THE effects of the two first woe-trumpets in the East have been so fully and satisfactorily discussed by the excellent Bp. Newton, that I shall do nothing more than abridge his remarks, with the exception of noticing a single error into which I conceive his Lordship to have fallen.
At the sounding of the fifth trumpet, (the first of the three woe-trumpets) a star which had fallen* from heaven to earth, opened the bottomless pit and let out a vast swarm of locusts with their leader Apollyon at their head. The commission of these locusts was, not to hurt the grass of the earth, nor any green thing, nor any tree; but only those men, who had not the seal of God in their foreheads; and, in point of time it was limited to five prophetic months, or 150 natural years. As for the locusts themselves, they were like horses prepared unto battle; their crowns were of gold; their faces were as the faces of men; they had hair as the hair of women; their teeth were as the teeth of lions; their breastplates were like breastplates of iron; they had the tails of scorpions, armed with deadly stings; and the sound of their wings was as the sound of chariots of many horses running to battle.†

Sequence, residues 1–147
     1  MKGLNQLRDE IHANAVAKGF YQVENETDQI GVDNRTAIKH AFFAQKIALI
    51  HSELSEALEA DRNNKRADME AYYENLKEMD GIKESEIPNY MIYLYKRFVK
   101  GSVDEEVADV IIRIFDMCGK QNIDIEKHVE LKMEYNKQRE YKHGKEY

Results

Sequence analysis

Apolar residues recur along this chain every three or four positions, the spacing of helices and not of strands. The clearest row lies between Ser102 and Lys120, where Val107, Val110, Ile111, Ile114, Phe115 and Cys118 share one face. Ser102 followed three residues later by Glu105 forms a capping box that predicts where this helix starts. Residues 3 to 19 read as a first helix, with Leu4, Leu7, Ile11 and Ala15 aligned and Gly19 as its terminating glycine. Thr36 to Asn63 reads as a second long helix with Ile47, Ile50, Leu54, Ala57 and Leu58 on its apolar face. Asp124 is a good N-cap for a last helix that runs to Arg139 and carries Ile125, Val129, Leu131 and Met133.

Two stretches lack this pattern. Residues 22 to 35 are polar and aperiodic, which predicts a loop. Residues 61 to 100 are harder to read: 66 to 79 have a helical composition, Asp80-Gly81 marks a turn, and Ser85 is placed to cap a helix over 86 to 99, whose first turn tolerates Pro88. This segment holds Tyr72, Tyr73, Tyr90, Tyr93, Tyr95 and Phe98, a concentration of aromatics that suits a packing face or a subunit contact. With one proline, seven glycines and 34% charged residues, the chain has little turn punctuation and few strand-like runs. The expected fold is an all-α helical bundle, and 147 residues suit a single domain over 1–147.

Bp. Newton supposes the fallen star to be the impostor Mohammed; and yet afterwards represents the locust sovereign Apollyon as being Mohammed likewise. To say nothing of so plain a repetition, the prophet evidently describes the star and the king as being two entirely different persons. The fallen star opens the door of the bottomless pit, and lets out Apollyon with his locusts: consequently Apollyon was confined in the pit, till he was let out by the star: therefore Apollyon and the star
Such is the proper translation of relaxola, as Mr. Whitaker rightly observes.
Comment. p. 116.
Rev. ix. 1-11.
cannot both be Mohammed. Moreover, independent of this circumstance, the Arabian impostor can with no more propriety be symbolized by a fallen star, than the Vandalic monarch Genseric. Mohammed never was a star in the sense of a Christian pastor; and, when he afterwards became a sovereign, so far from falling from his high estate, he was uniformly successful in all his enterprises. We must look out therefore for some other character, to whom the hieroglyphic of a fallen star is more applicable.